About 400 deaths in the U.S. each year are caused by extreme heat--nearly half from weather, the CDC reports. Heat exhaustion, which induces dizziness, nausea and heavy sweating, can progress to heatstroke, when the body's temperature rises to 104 degrees Fahrenheit or higher.
How to avoid it: Limit most activities to early morning and evening and take hourly breaks in the shade, Beers says. Drink water regularly, or beverages with sugar and electrolytes if activity is prolonged, Gardner adds. Never leave a child alone in the car, even with the windows slightly open--temperatures can rise by 20 degrees Fahrenheit within the first 10 minutes, the CDC says.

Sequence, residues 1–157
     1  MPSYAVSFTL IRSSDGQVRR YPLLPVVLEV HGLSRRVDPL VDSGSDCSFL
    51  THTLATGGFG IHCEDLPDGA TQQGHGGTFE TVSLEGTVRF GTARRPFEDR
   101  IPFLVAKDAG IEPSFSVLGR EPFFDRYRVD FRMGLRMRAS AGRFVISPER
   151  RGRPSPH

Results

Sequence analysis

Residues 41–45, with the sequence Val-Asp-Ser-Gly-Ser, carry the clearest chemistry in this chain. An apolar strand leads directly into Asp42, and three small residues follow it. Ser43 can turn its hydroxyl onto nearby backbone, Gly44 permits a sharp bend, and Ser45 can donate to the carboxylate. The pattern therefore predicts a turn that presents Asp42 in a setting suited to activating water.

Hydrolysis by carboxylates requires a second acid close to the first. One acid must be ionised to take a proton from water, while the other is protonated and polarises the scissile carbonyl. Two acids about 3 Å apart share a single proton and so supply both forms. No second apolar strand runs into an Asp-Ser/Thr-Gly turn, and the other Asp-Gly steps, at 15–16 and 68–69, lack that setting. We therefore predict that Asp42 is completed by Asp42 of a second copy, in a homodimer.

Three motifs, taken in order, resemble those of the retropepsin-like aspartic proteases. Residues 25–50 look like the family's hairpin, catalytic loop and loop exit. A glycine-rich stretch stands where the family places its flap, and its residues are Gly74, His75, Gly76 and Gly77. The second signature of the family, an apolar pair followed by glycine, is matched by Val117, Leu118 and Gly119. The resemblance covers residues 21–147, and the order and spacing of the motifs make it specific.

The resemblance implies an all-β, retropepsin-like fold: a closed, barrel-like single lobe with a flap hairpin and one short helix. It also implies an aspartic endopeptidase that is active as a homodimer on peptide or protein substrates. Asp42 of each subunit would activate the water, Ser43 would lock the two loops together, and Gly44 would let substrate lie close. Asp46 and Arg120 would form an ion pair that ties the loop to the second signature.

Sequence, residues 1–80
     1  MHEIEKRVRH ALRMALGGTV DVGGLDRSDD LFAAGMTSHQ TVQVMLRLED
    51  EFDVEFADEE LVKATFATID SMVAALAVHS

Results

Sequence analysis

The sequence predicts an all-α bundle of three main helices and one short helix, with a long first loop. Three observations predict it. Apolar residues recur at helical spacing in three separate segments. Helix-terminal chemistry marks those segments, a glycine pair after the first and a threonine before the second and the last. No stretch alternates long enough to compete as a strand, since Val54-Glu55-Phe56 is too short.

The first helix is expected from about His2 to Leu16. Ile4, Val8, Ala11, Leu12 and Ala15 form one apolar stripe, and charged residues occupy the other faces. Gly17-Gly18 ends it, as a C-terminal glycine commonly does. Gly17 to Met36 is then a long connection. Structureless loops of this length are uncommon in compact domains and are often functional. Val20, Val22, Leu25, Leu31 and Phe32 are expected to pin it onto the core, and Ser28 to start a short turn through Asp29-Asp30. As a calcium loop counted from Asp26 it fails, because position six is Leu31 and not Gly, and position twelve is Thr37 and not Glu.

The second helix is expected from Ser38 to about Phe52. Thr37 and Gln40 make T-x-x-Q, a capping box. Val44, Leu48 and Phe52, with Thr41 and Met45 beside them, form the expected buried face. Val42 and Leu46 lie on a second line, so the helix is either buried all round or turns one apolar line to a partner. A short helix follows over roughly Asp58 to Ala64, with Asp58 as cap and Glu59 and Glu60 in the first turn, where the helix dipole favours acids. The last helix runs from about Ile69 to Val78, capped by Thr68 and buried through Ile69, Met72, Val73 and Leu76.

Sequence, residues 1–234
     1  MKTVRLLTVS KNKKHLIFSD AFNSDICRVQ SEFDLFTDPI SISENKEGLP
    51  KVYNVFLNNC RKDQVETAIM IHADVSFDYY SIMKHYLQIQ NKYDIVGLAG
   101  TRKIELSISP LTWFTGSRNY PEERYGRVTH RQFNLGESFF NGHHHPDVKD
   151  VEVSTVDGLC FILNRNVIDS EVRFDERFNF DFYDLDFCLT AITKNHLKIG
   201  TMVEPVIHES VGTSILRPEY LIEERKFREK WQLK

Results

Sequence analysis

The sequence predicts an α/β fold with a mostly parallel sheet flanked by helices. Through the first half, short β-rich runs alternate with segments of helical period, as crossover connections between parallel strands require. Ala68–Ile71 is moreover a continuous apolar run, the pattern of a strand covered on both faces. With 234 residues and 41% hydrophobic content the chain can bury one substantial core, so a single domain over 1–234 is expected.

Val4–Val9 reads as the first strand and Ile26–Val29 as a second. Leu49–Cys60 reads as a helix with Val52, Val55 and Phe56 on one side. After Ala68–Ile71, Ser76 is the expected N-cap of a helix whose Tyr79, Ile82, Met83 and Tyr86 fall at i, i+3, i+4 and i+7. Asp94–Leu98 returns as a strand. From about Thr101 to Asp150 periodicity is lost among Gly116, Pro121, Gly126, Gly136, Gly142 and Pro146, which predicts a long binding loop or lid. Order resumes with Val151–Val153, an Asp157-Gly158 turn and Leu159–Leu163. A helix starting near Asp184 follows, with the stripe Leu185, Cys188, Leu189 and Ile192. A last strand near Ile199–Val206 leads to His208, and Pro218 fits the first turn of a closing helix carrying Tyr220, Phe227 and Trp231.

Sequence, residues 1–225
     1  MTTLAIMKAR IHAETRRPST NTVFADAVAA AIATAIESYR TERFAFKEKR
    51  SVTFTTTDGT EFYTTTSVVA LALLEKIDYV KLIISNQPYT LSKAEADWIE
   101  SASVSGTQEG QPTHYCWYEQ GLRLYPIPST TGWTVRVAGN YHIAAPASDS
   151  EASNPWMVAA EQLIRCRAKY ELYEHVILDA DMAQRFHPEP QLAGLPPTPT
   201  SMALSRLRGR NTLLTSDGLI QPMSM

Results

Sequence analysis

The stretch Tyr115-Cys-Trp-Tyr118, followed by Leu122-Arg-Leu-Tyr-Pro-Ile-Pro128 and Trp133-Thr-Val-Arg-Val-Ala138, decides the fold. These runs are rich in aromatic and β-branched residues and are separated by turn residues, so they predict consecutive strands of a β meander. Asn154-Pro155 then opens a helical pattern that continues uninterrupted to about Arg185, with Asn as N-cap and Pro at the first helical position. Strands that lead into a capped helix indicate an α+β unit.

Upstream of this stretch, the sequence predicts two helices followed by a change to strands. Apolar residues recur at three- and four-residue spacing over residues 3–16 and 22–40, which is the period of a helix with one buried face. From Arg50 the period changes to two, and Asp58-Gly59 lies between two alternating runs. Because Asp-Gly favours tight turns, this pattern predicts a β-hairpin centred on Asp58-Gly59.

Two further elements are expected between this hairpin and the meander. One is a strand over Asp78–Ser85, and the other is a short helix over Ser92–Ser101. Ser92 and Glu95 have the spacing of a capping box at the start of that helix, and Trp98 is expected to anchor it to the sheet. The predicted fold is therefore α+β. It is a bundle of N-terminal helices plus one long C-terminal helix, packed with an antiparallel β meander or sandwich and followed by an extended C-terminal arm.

How to treat it: Air conditioning and a cool drink for mild dizziness, fatigue, headache or stomachache. Call 9-1-1 or go straight to the ER if your child faints, is breathing unusually fast, has a rapid pulse or heart rate or is confused or disoriented. "Children suffering heat stroke will need intravenous fluids and should not be given anything to drink," says Beers.